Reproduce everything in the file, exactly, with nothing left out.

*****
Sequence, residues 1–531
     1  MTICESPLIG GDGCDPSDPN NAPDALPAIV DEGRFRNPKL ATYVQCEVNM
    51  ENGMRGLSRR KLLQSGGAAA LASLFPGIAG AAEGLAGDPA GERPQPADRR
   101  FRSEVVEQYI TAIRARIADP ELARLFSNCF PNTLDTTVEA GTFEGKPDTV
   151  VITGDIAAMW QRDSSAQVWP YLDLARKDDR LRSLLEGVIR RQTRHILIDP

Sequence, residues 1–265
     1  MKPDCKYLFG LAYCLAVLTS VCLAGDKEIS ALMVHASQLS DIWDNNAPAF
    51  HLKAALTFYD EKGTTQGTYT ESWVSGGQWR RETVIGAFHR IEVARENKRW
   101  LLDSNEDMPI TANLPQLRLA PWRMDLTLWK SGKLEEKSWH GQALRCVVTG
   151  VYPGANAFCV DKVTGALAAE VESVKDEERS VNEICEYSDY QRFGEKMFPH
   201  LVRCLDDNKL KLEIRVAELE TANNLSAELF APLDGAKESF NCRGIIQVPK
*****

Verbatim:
Sequence, residues 1–531
     1  MTICESPLIG GDGCDPSDPN NAPDALPAIV DEGRFRNPKL ATYVQCEVNM
    51  ENGMRGLSRR KLLQSGGAAA LASLFPGIAG AAEGLAGDPA GERPQPADRR
   101  FRSEVVEQYI TAIRARIADP ELARLFSNCF PNTLDTTVEA GTFEGKPDTV
   151  VITGDIAAMW QRDSSAQVWP YLDLARKDDR LRSLLEGVIR RQTRHILIDP

Sequence, residues 1–265
     1  MKPDCKYLFG LAYCLAVLTS VCLAGDKEIS ALMVHASQLS DIWDNNAPAF
    51  HLKAALTFYD EKGTTQGTYT ESWVSGGQWR RETVIGAFHR IEVARENKRW
   101  LLDSNEDMPI TANLPQLRLA PWRMDLTLWK SGKLEEKSWH GQALRCVVTG
   151  VYPGANAFCV DKVTGALAAE VESVKDEERS VNEICEYSDY QRFGEKMFPH
   201  LVRCLDDNKL KLEIRVAELE TANNLSAELF APLDGAKESF NCRGIIQVPK